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Biological Name: Sambucus nigraelderberry

Other Names: elderberry, Black elder, German Elder, black-berried European elder, European elder, boor tree, ellhorn, bountry, ellanwood, elder

Elements Applied: Each plant’s part is applied in herbal medicine, including the root, young twigs, leaves, flowers, bark, and fruit.

Active Components: Elderberry berries and flowers are beneficial for the organism in a range of conditions due to high concentration of flavonoids, particularly quercetin, in them.

Scientific studies have revealed that leaf extract, used in conjunction with soapwort and St. John’s Wort, is potent of eliminating herpes simplex virus and influenza.

According to a research conducted on patients, elderberry extract is successfully applied for treating flu. According to animal tests, the flowers are capable of preventing inflammatory processes.

History: Elderberry was consumed as meals for a long period, particularly in dried condition. Elderberry lemonade, pie and wine are widely spread in the people’s menus. Plant’s leaves were thought to reduce pains and cure sores and inflammations, when used externally in form of poultice.

In the early time of America the herb was applied for skin diseases, coughs, and infections.

Used for: Elderberry can be applied in a range of conditions: influenza, inflammations, herpex simplex virus, sore throats and habitual colds.

Elderberry juice produces a strong purifying effect. It has a high concentration of nutritional substances. The juice may be mixed with other juices. Berry juice is especially helpful in stimulating the glandular and reproductive system, while elderberry flowers are effective for kidney conditions.

Young twigs and leaves applied in form of tea are really effective in boosting urination and driving excess liquid away from the organism. Applied in prescribed doses black elder medicines are effective for constipation, rheumatic conditions, edema, dropsy, kidney diseases, and urinary tract conditions. Flower tea is effectively used to boost sweating and thus applied in rheumatic conditions and colds.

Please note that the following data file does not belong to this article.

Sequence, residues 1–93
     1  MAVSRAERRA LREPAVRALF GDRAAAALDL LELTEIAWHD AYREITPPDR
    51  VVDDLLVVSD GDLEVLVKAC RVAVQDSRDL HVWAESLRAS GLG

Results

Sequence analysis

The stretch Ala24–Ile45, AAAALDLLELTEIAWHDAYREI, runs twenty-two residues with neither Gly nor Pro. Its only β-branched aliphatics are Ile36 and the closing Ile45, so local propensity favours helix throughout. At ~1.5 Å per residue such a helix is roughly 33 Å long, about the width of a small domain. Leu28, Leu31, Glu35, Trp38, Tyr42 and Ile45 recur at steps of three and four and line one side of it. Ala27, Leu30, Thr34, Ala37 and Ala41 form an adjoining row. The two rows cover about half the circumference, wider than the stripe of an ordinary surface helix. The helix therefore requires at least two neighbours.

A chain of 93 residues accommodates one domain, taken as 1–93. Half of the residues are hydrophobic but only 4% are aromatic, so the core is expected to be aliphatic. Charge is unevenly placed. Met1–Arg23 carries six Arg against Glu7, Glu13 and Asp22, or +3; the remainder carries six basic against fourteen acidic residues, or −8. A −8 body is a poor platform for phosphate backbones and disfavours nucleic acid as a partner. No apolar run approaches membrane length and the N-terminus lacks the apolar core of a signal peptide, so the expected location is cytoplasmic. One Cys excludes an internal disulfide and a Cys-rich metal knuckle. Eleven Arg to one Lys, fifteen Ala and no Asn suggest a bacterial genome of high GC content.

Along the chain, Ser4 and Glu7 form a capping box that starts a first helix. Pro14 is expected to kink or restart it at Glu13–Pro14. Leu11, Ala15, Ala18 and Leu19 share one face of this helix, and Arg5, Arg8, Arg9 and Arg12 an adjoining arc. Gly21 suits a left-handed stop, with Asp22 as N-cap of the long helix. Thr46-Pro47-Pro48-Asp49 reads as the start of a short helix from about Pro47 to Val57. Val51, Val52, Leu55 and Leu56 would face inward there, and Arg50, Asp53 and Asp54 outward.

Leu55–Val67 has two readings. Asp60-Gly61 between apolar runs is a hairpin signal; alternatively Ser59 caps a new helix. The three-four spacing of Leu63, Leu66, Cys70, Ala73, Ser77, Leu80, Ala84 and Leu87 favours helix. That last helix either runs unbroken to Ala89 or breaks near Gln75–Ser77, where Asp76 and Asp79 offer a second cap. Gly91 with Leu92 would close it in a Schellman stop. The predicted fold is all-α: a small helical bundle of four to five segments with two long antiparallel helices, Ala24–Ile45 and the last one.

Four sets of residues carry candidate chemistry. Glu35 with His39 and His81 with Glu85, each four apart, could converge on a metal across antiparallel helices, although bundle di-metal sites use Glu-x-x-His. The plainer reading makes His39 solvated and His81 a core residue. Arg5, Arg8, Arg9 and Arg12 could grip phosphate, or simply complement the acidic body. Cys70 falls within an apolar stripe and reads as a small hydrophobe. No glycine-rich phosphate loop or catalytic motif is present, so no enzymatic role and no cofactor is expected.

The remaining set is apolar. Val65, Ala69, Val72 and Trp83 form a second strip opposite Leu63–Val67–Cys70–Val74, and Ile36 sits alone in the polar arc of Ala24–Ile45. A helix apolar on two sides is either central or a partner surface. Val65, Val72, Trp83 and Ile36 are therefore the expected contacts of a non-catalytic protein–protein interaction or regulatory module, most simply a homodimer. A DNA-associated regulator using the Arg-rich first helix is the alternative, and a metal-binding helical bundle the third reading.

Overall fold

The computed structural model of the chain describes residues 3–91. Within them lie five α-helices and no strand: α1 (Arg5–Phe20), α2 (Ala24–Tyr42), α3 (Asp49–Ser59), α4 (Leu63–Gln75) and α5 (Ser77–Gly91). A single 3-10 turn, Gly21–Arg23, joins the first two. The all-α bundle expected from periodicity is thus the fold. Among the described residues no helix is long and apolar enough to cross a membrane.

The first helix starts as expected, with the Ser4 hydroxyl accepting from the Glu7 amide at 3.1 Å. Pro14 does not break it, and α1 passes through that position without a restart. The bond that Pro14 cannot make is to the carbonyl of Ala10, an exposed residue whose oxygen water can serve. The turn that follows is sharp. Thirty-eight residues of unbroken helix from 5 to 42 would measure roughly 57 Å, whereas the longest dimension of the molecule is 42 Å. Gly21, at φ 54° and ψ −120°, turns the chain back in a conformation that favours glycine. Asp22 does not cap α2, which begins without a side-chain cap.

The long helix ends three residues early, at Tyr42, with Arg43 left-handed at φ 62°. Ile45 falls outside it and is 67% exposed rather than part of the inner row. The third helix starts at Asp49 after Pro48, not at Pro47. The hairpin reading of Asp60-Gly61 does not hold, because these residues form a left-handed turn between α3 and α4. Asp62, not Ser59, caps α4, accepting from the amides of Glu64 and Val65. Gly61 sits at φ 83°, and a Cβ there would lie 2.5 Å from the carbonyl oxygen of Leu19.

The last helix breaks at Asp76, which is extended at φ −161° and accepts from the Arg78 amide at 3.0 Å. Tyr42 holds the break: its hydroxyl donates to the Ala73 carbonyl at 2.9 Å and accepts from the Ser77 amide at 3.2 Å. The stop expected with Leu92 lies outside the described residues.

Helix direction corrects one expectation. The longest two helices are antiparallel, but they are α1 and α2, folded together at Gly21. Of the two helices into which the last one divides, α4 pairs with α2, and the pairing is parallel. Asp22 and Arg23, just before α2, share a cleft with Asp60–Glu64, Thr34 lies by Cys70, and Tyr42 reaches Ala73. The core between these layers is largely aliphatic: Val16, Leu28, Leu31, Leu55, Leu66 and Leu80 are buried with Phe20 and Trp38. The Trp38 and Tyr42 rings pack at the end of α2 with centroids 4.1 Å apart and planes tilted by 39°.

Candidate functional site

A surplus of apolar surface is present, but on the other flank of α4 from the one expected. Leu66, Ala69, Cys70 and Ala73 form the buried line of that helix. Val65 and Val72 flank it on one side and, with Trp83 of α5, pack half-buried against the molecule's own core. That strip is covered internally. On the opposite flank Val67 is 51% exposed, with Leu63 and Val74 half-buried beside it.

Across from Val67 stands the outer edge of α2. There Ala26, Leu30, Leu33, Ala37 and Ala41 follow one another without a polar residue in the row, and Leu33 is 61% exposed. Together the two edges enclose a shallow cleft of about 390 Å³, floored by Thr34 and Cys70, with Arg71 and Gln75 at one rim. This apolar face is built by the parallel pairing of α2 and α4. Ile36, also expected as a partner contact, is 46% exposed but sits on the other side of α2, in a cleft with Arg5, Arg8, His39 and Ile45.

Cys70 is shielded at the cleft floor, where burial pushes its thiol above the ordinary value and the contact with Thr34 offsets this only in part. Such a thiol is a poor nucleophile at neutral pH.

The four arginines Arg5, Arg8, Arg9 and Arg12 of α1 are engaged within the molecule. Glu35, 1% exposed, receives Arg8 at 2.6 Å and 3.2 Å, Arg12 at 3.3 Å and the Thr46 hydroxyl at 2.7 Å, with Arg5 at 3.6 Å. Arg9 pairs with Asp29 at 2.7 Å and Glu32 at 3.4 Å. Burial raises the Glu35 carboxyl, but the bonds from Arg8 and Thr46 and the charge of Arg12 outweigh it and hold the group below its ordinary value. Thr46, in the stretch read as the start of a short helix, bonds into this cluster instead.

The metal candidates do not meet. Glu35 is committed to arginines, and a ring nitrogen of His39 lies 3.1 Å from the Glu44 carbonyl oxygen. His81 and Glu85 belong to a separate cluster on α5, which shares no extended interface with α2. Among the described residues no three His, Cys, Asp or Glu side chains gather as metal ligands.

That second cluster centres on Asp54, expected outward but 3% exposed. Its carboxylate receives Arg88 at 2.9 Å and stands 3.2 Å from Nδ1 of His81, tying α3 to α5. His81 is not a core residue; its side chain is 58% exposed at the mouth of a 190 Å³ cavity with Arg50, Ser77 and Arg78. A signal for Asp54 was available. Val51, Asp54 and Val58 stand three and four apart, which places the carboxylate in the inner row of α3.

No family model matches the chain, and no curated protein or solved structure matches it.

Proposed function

Fresh juice is not applicable, as well as raw berries. Before usage the berries, either intended to be used as juice or naturally, should be slightly processed. Elderberry jam can be applied for treating constipation, especially in case of inflamed bowels even in children of early age.

Additional Info: Elderberry is indigenous to North America and Europe. The berries and flowers are applied in herbal medicine.

Black elder grows in form of either a tree or a bush, reaching a height of 10-30 feet. It grows wild in wet areas and shadowy forests. The plant is specially raised in several countries.

The bark has different color in various parts, being brownish in the lower part of the stem, grayish in the upper part, and is covered with nodes. The leaves are complex, consisting of several leaflets which are ovate-shaped and green-colored.

The plant blossoms in summer period, from June to July, and is covered with white or yellowish flowers, which later produce green-colored berries, changing to deep red color as they get ripe.

Preparation and Intake: In form of tincture the extract is applied in a quantity of 5 ml for kids, and 10 ml for grown-ups two times a day.

To make tea use 3-5 grams of dry flower extract and fill it up with a cup of boiling water, let stay for 15 minutes. Take it thrice a day.

Root bark or stem bark should be eaten raw.

To prepare a remedy from the bark take one teaspoon of the extract and fill it up with half a cup of boiling water. Use in a quantity of 1 cup daily, one deep swallow at a time.

Safety: There is no evidence concerning the harmful effect of the plant on the organism.

The herb taken raw may act as a poison. American elder is higher in its toxicity than its European counterpart. Still, when prepared properly, the berries are safe.

In some patients the herb developed giddiness and stupor when applied for treating constipation.